EFFC: Young Cambodian Filmmakers Trained for Documentary Filming

Simon Gillard instructs his Master Class at Bophana Center on Feb 18. Photo: Nicolò Tissier

PHNOM PENH – “You need to put everything on the human, it is empathy that works.” With simple, yet straightforward words, Simon Gillard introduced a group of young Cambodian filmmakers to documentary filming, advising them to focus on their tasks and be confident in their experiences and characters.

French documentary director Simon Gillard gave a masterclass on Feb. 18 about documentary-making at Bophana Center, as part of the 2023 European Film Festival Cambodia (EFFC). He shared his experience and knowledge about filming documentaries with Cambodian students and young emerging directors.

While the morning session was a lecture-type lesson in front of a large audience about what is a documentary and how to film it, the afternoon workshop was dedicated to a much smaller group of advanced students and budding filmmakers.

The director led the session and opened the discussion with the students on documentary filming, advising them on their personal projects.

“I gave them little tools. I wanted to speak about and teach how to make a first film, with few resources,” said Gillard.

French-Belgian author and director Gillard has a 10-year experience in documentary-making. He started his career in 2013 after finishing his degree in science. His four documentaries brought him recognition from his peers and were awarded in multiple film festivals, mostly in Europe.

He cultivates a very strong relationship with the people and the territory of West Africa where he lives and works part of the year. He shot all his films there, almost alone with his camera and microphones.

Despite his strong field experience, the Feb. 18 training that he led at Bophana Center was the first masterclass the young director gave about writing and directing a movie. Before he had only given seminars focusing on the technical aspects of filming.

While the session went smoothly, Gillard had a very short time to get ready. He was contacted by the EFFC organization team only three weeks before the event. But he seized the opportunity, which he saw as a way to experiment with new forms of sharing his knowledge, in a foreign country.

“Since I made films with really few resources, I can talk about it concretely and transmit it,” he said. “Writing a documentary is difficult and very special because it comes to writing a reality that we haven’t lived yet. What we write is going to change with what will happen at the moment of the shooting.”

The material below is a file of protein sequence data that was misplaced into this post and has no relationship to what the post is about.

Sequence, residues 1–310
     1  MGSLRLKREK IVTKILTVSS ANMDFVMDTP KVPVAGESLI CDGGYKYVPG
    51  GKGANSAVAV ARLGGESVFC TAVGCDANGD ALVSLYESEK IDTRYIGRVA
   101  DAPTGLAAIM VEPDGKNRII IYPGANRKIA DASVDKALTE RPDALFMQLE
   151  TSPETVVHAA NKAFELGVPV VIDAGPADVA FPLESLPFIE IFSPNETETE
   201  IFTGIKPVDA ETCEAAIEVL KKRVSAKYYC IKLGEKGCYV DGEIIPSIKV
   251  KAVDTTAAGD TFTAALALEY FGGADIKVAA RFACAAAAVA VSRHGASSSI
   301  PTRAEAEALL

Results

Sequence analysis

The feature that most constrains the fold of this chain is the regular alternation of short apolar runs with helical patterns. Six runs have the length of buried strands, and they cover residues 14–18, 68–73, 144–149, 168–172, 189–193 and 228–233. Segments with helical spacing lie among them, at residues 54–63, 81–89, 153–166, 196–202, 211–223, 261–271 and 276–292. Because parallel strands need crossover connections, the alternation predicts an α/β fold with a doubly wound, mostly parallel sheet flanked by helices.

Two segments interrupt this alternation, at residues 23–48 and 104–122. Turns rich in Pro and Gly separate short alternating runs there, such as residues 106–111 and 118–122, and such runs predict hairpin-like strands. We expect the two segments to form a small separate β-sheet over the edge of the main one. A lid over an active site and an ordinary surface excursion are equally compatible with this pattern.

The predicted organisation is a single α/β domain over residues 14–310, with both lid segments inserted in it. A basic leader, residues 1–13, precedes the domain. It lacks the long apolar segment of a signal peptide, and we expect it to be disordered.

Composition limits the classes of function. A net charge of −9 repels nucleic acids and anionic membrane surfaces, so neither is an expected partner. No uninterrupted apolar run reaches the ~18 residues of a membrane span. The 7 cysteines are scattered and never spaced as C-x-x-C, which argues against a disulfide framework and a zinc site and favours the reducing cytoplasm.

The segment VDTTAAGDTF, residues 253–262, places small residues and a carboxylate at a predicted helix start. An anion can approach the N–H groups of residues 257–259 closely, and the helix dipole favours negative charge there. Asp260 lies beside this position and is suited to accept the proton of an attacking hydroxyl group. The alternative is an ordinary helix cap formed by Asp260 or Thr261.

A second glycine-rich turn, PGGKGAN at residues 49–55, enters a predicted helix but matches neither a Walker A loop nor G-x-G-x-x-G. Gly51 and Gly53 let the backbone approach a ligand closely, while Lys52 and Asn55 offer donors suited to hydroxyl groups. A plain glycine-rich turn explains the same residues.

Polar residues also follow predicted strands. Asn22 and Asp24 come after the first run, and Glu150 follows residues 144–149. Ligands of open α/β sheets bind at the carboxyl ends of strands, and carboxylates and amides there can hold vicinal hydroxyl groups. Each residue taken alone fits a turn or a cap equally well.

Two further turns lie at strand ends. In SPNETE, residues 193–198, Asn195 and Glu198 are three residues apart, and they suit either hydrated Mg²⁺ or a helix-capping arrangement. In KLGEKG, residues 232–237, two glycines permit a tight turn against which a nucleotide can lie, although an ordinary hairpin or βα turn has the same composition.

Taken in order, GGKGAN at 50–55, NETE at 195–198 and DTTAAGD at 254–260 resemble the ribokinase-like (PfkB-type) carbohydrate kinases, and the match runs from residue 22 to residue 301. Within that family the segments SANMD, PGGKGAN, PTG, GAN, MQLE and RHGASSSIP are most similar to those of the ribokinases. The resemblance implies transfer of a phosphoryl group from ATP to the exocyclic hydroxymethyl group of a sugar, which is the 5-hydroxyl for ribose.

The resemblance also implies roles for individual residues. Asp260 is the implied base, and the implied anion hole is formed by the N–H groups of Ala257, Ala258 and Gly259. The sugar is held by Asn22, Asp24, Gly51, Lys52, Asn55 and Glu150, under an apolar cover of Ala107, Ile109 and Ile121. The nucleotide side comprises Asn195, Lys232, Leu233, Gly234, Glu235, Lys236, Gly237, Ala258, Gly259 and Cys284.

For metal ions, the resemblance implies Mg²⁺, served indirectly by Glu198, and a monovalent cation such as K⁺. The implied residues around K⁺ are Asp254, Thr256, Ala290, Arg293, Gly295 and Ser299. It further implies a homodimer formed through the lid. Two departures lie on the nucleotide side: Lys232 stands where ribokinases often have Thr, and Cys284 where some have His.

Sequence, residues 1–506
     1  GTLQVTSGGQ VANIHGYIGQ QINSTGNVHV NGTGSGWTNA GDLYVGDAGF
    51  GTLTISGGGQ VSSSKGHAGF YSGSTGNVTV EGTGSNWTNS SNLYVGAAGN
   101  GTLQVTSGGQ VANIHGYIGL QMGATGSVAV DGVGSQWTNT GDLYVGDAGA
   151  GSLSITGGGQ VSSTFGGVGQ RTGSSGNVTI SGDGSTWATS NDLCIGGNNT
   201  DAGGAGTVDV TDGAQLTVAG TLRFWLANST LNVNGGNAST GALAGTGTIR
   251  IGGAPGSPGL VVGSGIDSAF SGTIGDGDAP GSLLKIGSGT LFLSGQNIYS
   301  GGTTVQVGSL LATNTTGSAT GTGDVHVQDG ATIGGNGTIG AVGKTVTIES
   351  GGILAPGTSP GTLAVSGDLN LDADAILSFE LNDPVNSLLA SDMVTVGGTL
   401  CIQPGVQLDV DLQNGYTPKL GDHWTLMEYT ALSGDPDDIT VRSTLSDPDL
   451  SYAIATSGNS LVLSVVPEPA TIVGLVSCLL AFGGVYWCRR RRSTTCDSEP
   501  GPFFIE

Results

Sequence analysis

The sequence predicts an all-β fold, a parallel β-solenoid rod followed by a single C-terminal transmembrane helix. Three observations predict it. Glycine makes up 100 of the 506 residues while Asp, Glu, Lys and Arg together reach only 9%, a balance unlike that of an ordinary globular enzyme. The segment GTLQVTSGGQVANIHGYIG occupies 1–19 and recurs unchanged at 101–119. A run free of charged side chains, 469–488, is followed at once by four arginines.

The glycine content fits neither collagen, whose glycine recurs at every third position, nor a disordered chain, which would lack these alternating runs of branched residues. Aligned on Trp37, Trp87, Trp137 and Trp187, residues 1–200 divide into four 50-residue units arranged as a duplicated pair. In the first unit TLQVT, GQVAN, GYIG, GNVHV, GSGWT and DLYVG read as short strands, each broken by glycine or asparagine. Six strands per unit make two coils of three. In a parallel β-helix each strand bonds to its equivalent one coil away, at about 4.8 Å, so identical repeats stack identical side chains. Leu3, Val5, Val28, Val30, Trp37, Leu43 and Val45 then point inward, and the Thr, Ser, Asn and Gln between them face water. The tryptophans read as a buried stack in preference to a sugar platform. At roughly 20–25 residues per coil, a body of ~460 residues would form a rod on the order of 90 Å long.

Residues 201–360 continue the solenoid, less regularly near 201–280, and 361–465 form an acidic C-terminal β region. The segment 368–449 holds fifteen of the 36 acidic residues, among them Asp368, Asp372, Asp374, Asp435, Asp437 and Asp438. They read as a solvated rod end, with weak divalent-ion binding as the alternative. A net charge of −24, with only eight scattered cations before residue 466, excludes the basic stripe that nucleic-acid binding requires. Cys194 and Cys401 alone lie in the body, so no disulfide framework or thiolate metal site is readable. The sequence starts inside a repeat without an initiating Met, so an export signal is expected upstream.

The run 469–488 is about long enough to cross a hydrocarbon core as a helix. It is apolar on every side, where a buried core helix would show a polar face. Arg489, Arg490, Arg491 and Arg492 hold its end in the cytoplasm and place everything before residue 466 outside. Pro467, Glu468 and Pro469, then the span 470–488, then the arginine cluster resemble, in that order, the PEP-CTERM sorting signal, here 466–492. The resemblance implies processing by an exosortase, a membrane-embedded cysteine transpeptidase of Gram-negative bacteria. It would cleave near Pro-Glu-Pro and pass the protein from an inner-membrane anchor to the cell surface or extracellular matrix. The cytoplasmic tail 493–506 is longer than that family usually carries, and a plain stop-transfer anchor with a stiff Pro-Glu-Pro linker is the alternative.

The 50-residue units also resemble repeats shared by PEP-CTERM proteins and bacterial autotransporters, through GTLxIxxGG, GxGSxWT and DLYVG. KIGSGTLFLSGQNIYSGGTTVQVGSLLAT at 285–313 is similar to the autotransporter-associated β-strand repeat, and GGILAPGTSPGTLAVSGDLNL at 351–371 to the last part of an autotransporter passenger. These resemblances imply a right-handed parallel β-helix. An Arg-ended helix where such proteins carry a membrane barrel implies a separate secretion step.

He went on to expand on his vision of documentaries: “For me, there is no difference between fiction and documentary. It is sound, images, and emotions.”

“It comes from the real but it is not the truth. What you show is a false truth. But, contrary to fiction, in documentaries, things are accepted as truth. It is a sensitive material to take in hand,” he said.

He warned his students about the responsibility they have as directors, as well as toward the people they film, the people who watch the film, and themselves.

The masterclass was also a unique opportunity for Gillard to exchange with the students. “I found them really focused and attentive. Really different from the kind of messy student I was.” “They are also really charming with the naïve dimension of daydreamers.”

He noticed a strong interest in documentaries from his audience.

French documentary director Simon Gillard gave a masterclass on Feb. 18 about documentary-making at Bophana Center, as part of the 2023 European Film Festival Cambodia (EFFC). Photo: Nicolò Tissier

After the masterclass, the majority of students seemed enthusiastic. “We learned the differences between making a film and making a documentary. I think it is important to show what happens in Cambodia. Because people are afraid to tell their stories,” said Kim Vathank, one of the attendees. “I learned a lot about the technical aspects and the whole process of filming a documentary. From searching for a place to shoot for a casting for instance.”

“Personally, the masterclass has been really helpful because I got precious advice on my graduation thesis,” said another trainee, Mann Huyleang.

It was Gillard’s first visit to Cambodia, who came specifically to give this course. He perceived his visit as an initiatory journey into the country. “It made me want to come back to discover more of the country and its culture,” he said. “It stays as a promise.”

As a director who has made all his films about small communities in peril in African countries, Gillard has developed an instinctive interest in Cambodia, where he finds similarities with his previous experiences. “I would be interested in coming to Cambodia to do some spotting.”

When asked if coming back to potentially shoot a film would be a possibility, the answer is promising. “The curiosity is absolutely there. It would be a great chance to have this opportunity.”

Gillard said he was honored by the invitation and the warm welcome he received. He retains the quality of the festival’s organization but also the will of the Cambodians to learn more about the film industry.

“The people I met showed a great interest in films and cinema. They all want to learn,” he said.

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